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Dynamic Chiropractic – June 16, 1997, Vol. 15, Issue 13

The Research of Alf Breig: Setting the Record Straight

By Robert W. Ward, DC, QME
Every health care profession has its glittering jewels and its warts. If we really want the noble chiropractic profession to obtain the positive image and respect that it deserves, it is up to us to acknowledge and critique the shortcomings and foibles of our colleagues, and to hold ourselves to high professional standards. To do otherwise, even under the well-intentioned but short-sighted guise of professional fraternity, is to invite public criticism from our detractors, who have in the past displayed our "warts" under bright illumination with a magnifying glass. It is my intention, in writing the following critique, to call attention to a presentation that I view as potentially embarrassing to the profession solely as a goad toward improvement, and not as an attack on an individual.

In the January 27, 1997 issue of Dynamic Chiropractic, we were treated to an exploration of the work of Dr. Alf Breig, neurosurgeon. This exploration was brought to us by Dr. Jesse Jutkowitz, chiropractor. I was intrigued immediately by the title: "Dr. Breig's Research: What We Need to Do to Effectively Use His Data. The Research Data of the Neurosurgeon Who Demonstrated Multiple Sclerosis and Other 'Diseases' of That Type Are Caused by Biomechanical Pathologies Rather than Immune System Disorders or Heredity." I did not know that degenerative neurologic diseases had been demonstrated to be of biomechanical origin (and thus readily addressed by traditional chiropractic care). I knew that if this claim were true, it would be of great import, so I studied the article carefully, checked Dr. Jutkowitz's Internet site as suggested, and then procured the work of Alf Breig so that I could learn from it directly.

While Dr. Breig's work is elegant, and dramatically demonstrates the basics of the biomechanics of tensile stresses within the spinal cord, I was very disappointed to learn that there is no data in the work to support Dr. Jutkowitz's contentions. An analysis and rebuttal of Dr. Jutkowitz's article is presented below.

Dr. Jutkowitz tells us, "The basic question being asked is: If Dr. Breig determined that multiple sclerosis, ALS, and other etiologies of that type have structural etiologies and can be successfully treated structurally, why can't chiropractic seem to help these people on a consistent predictable basis? The answer is to remember that the research was done by a neurosurgeon." When I read this I had great difficulty in understanding how the fact that basic research was conducted by a neurosurgeon could result in a lack of consistent treatment outcome by chiropractors. I decided not to pursue this linguistic non sequitur, and instead explored the work of Alf Breig directly to see if in fact he had provided evidence that "multiple sclerosis, ALS and other [diagnostic entities] of that type have structural etiologies that can be successfully treated structurally."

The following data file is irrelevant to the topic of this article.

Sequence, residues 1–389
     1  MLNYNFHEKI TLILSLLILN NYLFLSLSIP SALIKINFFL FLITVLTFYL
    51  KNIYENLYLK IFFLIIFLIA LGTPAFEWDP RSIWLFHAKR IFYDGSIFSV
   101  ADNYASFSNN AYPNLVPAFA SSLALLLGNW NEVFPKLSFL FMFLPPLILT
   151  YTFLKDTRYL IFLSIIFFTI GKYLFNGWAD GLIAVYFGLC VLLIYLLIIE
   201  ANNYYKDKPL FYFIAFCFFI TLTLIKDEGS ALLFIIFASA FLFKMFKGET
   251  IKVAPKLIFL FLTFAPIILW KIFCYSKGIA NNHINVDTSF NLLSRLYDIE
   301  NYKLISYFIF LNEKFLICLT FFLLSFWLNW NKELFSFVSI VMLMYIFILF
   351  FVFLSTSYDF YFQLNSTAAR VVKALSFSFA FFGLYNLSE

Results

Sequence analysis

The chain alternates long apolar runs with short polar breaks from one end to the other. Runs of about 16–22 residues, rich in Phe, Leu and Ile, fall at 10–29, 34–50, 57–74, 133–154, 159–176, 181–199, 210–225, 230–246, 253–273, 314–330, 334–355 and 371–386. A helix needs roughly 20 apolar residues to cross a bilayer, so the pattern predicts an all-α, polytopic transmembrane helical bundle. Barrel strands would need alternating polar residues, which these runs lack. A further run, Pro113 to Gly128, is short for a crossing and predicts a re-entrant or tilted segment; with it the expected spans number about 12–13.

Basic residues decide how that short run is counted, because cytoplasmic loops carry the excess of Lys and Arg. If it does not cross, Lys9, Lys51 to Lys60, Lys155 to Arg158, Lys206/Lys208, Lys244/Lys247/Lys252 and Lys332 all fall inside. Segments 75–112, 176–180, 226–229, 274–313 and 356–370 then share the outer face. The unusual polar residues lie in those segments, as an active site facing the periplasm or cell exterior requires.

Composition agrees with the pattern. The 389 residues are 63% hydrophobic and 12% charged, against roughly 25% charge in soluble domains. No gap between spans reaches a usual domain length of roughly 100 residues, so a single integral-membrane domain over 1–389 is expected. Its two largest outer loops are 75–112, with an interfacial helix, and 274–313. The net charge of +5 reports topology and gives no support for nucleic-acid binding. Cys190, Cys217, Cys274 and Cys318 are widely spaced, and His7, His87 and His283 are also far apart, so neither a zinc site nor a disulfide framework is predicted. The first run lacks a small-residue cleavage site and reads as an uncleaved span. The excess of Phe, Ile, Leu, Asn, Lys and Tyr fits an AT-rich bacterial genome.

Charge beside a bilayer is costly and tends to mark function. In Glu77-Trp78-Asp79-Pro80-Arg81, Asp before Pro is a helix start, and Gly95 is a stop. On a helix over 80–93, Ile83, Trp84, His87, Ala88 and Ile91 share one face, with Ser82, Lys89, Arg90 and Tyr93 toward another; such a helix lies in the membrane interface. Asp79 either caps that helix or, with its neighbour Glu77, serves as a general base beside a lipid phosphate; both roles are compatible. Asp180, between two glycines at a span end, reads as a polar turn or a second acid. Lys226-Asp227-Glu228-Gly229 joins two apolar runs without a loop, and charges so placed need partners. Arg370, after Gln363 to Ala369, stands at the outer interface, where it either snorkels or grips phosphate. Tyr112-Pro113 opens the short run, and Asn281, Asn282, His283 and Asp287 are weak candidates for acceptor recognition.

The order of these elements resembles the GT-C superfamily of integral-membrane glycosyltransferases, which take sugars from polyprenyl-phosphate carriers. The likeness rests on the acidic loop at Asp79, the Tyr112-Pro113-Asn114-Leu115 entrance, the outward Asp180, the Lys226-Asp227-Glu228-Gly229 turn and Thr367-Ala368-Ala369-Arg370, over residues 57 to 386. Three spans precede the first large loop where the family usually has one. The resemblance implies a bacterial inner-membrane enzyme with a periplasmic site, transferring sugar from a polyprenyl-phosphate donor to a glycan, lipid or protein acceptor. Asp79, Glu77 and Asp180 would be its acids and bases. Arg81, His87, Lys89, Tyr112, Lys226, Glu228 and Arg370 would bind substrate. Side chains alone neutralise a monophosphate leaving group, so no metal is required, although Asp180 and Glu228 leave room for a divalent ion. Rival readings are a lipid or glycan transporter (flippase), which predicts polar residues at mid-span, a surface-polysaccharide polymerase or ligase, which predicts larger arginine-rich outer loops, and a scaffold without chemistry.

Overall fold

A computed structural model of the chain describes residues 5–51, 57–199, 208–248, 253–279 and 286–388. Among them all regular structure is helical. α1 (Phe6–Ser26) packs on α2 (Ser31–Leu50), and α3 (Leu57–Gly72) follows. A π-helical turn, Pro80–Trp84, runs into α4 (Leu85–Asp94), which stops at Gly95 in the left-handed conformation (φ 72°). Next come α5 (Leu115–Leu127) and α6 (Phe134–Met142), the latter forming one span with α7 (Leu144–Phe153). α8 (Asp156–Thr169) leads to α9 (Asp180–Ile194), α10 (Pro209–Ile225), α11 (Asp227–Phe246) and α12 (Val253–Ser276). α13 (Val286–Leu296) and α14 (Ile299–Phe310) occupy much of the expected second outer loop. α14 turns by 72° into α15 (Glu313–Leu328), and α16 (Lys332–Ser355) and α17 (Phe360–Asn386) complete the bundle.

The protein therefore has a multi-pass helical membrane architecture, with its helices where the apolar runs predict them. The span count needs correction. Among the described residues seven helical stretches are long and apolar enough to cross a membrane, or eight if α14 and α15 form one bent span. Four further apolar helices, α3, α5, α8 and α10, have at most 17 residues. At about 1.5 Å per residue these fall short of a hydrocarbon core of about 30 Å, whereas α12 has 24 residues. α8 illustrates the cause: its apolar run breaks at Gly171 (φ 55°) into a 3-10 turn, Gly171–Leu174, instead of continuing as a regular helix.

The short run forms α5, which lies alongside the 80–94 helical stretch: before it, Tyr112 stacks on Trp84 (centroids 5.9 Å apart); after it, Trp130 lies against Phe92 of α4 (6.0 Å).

Actually, Dr. Jutkowitz has fundamentally misrepresented Dr. Breig's work. Dr. Breig "tentatively ascribed" the neurologic effects seen in MS patients on flexion of the neck as being due to "pressure of the sclerotic changes in the spinal cord tissues on the neighboring pathways."1 It was Dr. Breig's hypothesis that glial scars in the cord secondary to MS created foci of abnormal mechanical stress on flexion. Dr. Breig makes no claim whatsoever in his book with regard to having established mechanical stress as being the etiology of degenerative neurologic conditions. And, despite Dr. Jutkowitz's characterization of Breig's work, I could not find a single mention of ALS, or any presumed autoimmune or genetic condition other than MS anywhere in it.

With regard to Breig's treatment of such conditions, Dr. Jutkowitz states: "He was quite successful, but the medical profession held onto its 'disease' concept so strongly that Breig's work has been all but ignored." Actually, Breig's book describes only three MS cases that he treated,2 one in 1961, the second in 1962 and the third in 1972. Aside from the extremely small number of cases, the clinical outcome of the treatment could be described by no rational person as "quite successful."

The first patient described noted sensory improvements, and motor changes that had no functional significance (barely visible toe movements that could be repeated 3-4 times on a single occasion). Five months postoperative the patient had again deteriorated to nearly preoperative status. Breig discontinued follow-up, and notes the patient died of MS "some years later."

The second case is described as having postoperative sensory and motor improvements, but the nature and extent of these improvements are not given. The patient was discharged eight days post-op, and Breig never heard from her again.

The third case was given a "tentative" (and questionable) diagnosis of MS. He had developed progressive neurologic symptoms beginning 6 weeks after jumping from a burning building, and was found on myelography to have large C4/5 and C5/6 herniations and mid-thoracic cord atrophy. He experienced no improvement from an initial surgery, gradual postoperative improvement from a second procedure, reversal of those improvements within three months, and no significant improvement from a third procedure. There was no follow-up after the third procedure. Given this extremely small patient base and the equivocal results obtained, ascribing the medical profession's failure to wholeheartedly adopt Dr. Breig's techniques as due to a strict adherence to a "disease" concept is quite incredible.

There were some biomechanical aspects of spinal cord tensioning discussed by Dr. Jutkowitz that also deserve attention. "While Dr. Breig did experiments definitively showing this fact [the existence of cord tension?] using both live subjects during surgery and cadavers, as a personal demonstration of this one can flex their head on their neck while standing and then squatting, which flexes the lumbar spine. Noting the feeling of tension on the posterior aspect of the head (virtually none in most people standing) increases greatly in the squat position." Dr. Breig's experiments to demonstrate traction of the lumbar spinal roots by flexion of the cervical spine are simple, elegant and compelling. However, the simple experiment that Dr. Jutkowitz proposes you perform will in fact demonstrate to you that due to the overlapping nature of the erector spinae, you will become aware of greater tension on the cervical musculature with head flexion in a squatting posture. It is doubtful that this phenomenon is related to spinal cord stretching, which doesn't become apparent to most people until you flex the entire spine, flex the hip, extend the knee, and possibly add dorsiflexion of the ankle.